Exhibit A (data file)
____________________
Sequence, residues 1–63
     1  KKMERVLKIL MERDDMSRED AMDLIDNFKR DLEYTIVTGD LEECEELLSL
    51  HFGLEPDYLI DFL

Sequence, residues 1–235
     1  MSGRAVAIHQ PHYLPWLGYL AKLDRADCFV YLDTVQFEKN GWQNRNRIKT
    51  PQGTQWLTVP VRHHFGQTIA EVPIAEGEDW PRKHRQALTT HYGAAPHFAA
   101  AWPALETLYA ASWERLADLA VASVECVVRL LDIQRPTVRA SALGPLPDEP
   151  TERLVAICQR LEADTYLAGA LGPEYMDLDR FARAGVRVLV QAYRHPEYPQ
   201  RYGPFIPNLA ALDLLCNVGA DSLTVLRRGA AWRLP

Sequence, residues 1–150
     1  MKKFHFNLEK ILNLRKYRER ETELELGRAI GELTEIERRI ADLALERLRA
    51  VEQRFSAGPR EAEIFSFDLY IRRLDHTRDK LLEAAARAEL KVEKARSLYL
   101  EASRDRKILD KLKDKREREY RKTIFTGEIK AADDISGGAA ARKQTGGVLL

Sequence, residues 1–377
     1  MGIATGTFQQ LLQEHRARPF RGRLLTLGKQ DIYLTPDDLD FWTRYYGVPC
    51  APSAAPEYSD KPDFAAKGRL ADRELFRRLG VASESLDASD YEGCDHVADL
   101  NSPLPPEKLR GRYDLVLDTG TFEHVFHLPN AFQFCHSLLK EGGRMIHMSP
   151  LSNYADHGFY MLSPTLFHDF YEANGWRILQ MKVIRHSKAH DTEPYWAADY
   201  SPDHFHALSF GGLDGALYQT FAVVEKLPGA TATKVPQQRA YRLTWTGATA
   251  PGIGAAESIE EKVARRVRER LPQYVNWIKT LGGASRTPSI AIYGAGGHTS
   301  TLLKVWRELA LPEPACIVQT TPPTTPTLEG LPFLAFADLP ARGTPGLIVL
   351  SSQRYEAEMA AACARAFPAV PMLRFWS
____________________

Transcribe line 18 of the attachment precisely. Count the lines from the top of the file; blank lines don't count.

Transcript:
   151  LSNYADHGFY MLSPTLFHDF YEANGWRILQ MKVIRHSKAH DTEPYWAADY